4 Tips for Finding a Great Pre-Owned Diamond

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There is a common misconception surrounding pre-owned diamonds.

Some people think of them like used cars, as if use and age greatly affect their value. But a diamond doesn’t have an odometer, and although there can be a price difference between new and pre-owned diamonds, the quality and value of a diamond do not diminish over time.

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Let me put it this way: A diamond isn’t going to break down after 200,000 miles, so you don’t have to worry about the fact that it was previously owned.

Diamonds Are Forever

In a way, there’s no such thing as a pre-owned diamond. Diamonds are billions of years old, and no one in the world can tell whether a diamond has been freshly mined or whether it has changed hands over the course of decades.

Yes, there are extreme situations in which a diamond can be chipped or otherwise damaged, but for all practical purposes, the appearance, quality, and classification of a diamond don’t change.

Why They Get a Bad Rap

Although some people are drawn to so-called “estate” diamonds because of their history, many more people are turned off by the idea of wearing a diamond that has belonged to someone else.

Some people simply think that anything that’s been previously owned must be less valuable. Many others feel like a “used” diamond must have come from a failed relationship, so they are worried about having bad luck in their own marriage.

But for those who can get past superstitions, purchasing a previously owned diamond offers one great advantage: It can be as much as 30 percent less expensive.

The cost difference isn’t attributable to a loss of value. Rather, with a new diamond, you have to pay for the cost of bringing it to market, which includes mining, sorting, cutting, polishing, and manufacturing. With an older diamond, those costs have already been covered.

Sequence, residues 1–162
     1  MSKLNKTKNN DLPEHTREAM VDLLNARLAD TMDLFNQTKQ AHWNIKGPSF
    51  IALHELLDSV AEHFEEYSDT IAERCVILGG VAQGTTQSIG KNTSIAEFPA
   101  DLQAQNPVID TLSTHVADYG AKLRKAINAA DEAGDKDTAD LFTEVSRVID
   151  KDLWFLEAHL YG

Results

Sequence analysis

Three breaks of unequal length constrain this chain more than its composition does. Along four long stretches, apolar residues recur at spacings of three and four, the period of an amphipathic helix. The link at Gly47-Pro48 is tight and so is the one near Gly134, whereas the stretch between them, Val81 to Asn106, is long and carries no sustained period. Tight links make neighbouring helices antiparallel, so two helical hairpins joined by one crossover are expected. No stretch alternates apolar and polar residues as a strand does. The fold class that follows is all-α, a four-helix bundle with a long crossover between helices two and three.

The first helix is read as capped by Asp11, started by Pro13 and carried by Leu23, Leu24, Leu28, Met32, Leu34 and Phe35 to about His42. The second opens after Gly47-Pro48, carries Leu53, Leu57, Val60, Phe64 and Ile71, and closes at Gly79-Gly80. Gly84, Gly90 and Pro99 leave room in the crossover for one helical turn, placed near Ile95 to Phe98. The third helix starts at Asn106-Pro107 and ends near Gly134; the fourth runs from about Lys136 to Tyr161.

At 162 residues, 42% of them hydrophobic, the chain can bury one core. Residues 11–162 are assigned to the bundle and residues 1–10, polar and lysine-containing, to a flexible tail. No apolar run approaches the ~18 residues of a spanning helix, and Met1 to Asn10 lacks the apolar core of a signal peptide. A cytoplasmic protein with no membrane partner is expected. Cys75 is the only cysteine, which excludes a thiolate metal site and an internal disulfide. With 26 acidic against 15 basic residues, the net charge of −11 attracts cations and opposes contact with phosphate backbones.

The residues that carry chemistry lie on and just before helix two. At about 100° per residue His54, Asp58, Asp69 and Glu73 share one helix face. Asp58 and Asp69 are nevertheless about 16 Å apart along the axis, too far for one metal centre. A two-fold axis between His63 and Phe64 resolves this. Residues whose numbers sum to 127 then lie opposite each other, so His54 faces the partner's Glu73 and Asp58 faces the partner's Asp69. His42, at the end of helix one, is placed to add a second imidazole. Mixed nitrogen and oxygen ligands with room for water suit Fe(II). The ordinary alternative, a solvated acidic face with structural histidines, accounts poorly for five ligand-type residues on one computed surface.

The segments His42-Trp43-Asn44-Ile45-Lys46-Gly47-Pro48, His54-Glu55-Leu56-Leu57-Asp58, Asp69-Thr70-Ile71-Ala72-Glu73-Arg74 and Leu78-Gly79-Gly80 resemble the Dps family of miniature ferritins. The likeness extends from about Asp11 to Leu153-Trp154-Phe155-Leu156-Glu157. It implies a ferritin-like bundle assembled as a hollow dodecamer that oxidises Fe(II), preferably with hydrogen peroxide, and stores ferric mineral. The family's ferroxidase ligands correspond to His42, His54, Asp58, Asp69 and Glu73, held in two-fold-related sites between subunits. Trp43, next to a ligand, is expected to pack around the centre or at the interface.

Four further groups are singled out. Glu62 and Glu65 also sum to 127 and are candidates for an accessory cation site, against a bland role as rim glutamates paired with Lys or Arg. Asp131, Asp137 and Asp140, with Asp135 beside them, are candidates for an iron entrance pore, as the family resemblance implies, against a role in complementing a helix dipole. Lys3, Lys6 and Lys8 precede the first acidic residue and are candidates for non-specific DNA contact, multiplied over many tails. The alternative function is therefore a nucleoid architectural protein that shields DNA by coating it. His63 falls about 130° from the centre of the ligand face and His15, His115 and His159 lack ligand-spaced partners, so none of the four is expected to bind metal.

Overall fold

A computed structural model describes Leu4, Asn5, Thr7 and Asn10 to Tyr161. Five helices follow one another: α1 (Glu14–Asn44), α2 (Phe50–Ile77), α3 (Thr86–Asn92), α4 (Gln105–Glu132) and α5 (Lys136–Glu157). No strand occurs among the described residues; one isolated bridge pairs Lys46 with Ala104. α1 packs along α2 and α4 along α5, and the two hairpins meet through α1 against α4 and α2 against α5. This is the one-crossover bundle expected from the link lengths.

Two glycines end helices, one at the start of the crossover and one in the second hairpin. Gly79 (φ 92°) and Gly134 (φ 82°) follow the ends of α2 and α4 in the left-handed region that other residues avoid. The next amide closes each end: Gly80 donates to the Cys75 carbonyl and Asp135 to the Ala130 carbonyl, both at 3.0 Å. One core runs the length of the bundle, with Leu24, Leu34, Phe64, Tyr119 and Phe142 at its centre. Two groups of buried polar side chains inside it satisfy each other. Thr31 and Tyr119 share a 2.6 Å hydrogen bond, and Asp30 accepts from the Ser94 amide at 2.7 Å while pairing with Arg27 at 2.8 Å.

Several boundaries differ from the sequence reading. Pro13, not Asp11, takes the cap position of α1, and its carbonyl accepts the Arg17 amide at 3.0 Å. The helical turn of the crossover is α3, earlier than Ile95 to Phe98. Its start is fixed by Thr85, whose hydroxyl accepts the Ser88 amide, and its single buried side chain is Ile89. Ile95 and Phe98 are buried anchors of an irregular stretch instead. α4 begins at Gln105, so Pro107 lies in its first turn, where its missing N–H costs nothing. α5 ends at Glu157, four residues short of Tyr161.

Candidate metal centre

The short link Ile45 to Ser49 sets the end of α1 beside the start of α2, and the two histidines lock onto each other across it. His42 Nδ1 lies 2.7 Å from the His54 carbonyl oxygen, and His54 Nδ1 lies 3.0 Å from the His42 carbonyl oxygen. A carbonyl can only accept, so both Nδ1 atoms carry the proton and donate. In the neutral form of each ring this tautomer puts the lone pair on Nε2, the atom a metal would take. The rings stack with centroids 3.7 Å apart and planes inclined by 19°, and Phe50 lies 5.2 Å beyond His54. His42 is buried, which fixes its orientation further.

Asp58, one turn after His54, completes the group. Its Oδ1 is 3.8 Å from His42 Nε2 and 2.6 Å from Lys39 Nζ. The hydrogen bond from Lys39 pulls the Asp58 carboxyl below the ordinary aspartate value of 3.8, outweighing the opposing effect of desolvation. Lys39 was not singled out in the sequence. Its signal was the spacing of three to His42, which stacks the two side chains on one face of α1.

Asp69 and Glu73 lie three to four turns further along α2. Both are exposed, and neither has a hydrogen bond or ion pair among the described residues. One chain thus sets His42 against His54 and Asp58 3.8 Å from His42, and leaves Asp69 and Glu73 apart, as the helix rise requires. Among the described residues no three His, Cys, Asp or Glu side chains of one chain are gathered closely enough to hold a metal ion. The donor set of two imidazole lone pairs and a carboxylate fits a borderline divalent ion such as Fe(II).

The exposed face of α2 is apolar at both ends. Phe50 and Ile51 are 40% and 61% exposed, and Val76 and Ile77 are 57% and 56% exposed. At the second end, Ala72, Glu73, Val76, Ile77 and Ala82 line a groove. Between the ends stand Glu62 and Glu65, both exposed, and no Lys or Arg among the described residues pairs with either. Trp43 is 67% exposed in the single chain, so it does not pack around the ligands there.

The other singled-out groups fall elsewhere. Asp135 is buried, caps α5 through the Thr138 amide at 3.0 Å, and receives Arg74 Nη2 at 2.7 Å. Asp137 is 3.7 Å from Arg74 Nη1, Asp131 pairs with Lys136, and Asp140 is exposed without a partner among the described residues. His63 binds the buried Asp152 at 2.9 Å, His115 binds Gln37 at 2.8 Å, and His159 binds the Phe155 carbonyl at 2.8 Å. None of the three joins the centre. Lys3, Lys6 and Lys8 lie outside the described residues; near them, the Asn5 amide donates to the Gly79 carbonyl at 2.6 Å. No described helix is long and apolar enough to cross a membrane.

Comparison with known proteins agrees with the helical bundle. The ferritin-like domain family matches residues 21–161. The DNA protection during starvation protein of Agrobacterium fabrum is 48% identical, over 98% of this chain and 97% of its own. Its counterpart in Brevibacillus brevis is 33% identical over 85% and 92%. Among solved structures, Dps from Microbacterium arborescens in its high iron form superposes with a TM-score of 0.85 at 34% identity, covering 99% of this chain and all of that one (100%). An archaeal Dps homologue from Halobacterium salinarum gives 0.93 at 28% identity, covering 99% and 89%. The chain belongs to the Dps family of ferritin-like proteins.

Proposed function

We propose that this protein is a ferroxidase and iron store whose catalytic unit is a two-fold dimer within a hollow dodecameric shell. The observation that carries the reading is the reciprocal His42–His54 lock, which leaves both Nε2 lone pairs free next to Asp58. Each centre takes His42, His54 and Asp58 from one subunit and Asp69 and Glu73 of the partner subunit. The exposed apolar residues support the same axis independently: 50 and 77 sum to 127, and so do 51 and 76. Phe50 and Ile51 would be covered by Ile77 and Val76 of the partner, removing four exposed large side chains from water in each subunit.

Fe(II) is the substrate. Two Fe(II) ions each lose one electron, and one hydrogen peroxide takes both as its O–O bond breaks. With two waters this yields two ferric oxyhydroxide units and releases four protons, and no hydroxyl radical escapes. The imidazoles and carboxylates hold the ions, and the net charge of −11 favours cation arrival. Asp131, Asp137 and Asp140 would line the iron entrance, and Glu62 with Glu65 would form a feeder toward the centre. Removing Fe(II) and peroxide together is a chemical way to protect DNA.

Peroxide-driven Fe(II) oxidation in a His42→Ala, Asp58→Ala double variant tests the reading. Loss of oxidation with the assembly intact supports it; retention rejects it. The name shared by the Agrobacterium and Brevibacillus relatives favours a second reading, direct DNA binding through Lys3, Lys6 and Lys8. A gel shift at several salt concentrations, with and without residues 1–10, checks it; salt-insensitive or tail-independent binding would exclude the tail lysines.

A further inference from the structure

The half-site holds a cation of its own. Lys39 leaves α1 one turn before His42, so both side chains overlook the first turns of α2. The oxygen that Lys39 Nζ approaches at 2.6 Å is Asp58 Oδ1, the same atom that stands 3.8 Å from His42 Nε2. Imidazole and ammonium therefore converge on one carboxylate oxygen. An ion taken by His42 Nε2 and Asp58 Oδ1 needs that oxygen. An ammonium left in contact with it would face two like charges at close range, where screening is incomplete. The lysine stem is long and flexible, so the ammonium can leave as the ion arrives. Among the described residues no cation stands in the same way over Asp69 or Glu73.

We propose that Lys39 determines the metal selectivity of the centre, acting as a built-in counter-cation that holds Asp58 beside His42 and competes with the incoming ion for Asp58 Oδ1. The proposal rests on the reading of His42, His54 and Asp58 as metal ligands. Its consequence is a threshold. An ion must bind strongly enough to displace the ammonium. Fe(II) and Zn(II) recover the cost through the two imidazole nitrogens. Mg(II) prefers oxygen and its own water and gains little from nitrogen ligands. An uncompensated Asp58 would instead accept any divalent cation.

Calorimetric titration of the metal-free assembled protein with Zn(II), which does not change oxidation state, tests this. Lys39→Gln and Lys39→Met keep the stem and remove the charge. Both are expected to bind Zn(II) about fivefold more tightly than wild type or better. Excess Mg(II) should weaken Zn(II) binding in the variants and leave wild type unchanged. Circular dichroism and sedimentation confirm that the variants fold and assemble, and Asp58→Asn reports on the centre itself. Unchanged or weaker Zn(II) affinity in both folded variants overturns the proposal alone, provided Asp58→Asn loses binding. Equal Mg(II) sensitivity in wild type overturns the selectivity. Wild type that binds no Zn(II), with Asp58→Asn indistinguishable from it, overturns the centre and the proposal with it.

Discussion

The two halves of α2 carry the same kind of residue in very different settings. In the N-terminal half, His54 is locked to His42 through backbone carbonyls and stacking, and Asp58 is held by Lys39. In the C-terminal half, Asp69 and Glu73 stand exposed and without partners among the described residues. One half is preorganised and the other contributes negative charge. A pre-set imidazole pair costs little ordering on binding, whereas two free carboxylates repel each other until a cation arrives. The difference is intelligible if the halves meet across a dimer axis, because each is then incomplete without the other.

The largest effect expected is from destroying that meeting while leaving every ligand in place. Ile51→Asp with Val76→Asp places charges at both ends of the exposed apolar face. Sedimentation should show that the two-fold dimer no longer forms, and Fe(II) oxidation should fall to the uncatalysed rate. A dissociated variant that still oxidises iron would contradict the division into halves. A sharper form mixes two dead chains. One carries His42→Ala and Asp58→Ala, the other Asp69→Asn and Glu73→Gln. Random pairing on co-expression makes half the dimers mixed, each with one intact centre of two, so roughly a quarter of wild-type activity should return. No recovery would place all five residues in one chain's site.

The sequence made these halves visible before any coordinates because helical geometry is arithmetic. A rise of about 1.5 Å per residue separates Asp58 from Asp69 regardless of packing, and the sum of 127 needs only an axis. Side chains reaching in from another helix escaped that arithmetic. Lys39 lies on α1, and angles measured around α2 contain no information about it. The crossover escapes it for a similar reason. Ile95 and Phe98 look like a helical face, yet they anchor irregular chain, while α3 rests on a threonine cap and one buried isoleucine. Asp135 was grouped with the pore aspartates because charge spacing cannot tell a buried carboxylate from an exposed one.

How to Shop Smart

If you’re interested in purchasing a pre-owned diamond, there are a number of things you can do to make sure you’re getting a high-quality diamond at the best price.

1. Ask about wholesale. Sellers often obtain diamonds at a reduced wholesale price and will sometimes pass along those savings to the buyer.

2. Insist on Gemological Institute of America certification. GIA is a nonprofit organization that protects buyers and sellers by applying a series of standards to ensure gemstone quality. Using this internationally accepted system for classifying a diamond proves that the color, clarity, cut, and carat weight are accurate and that you’re actually getting the diamond you think you are. Never purchase from a jeweler who is unable or unwilling to show you the certificate.

3. Shop around. See what other diamonds with similar GIA-certified characteristics are selling for to ensure you’re getting the best price.

4. Check the web. Ask the seller to show you what comparable diamonds are going for on BlueNile.com to ensure you’re actually getting a wholesale price. Blue Nile is the largest direct-to-public wholesale diamond dealer.

Don’t be afraid to buy a pre-owned diamond. Unlike a used car, a used diamond won’t break on you after two months of ownership. It’s a diamond. It’s as tough as anything found on Earth, and it’s going to stay that way. Plus, by choosing a pre-owned diamond, you can get a great piece without breaking the bank.

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